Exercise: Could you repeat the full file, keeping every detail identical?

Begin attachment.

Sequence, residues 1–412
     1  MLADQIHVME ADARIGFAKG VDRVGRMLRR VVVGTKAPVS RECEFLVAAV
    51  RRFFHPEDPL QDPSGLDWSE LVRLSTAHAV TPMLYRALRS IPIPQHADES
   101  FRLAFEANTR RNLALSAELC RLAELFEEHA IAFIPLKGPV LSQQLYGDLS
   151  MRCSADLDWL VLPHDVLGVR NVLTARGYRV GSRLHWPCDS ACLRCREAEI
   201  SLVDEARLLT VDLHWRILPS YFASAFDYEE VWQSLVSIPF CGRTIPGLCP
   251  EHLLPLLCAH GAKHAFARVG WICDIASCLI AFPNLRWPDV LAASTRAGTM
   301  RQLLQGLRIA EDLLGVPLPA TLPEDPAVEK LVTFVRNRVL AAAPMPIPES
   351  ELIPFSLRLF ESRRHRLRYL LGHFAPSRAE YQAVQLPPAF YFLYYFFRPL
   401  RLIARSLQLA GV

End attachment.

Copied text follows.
Sequence, residues 1–412
     1  MLADQIHVME ADARIGFAKG VDRVGRMLRR VVVGTKAPVS RECEFLVAAV
    51  RRFFHPEDPL QDPSGLDWSE LVRLSTAHAV TPMLYRALRS IPIPQHADES
   101  FRLAFEANTR RNLALSAELC RLAELFEEHA IAFIPLKGPV LSQQLYGDLS
   151  MRCSADLDWL VLPHDVLGVR NVLTARGYRV GSRLHWPCDS ACLRCREAEI
   201  SLVDEARLLT VDLHWRILPS YFASAFDYEE VWQSLVSIPF CGRTIPGLCP
   251  EHLLPLLCAH GAKHAFARVG WICDIASCLI AFPNLRWPDV LAASTRAGTM
   301  RQLLQGLRIA EDLLGVPLPA TLPEDPAVEK LVTFVRNRVL AAAPMPIPES
   351  ELIPFSLRLF ESRRHRLRYL LGHFAPSRAE YQAVQLPPAF YFLYYFFRPL
   401  RLIARSLQLA GV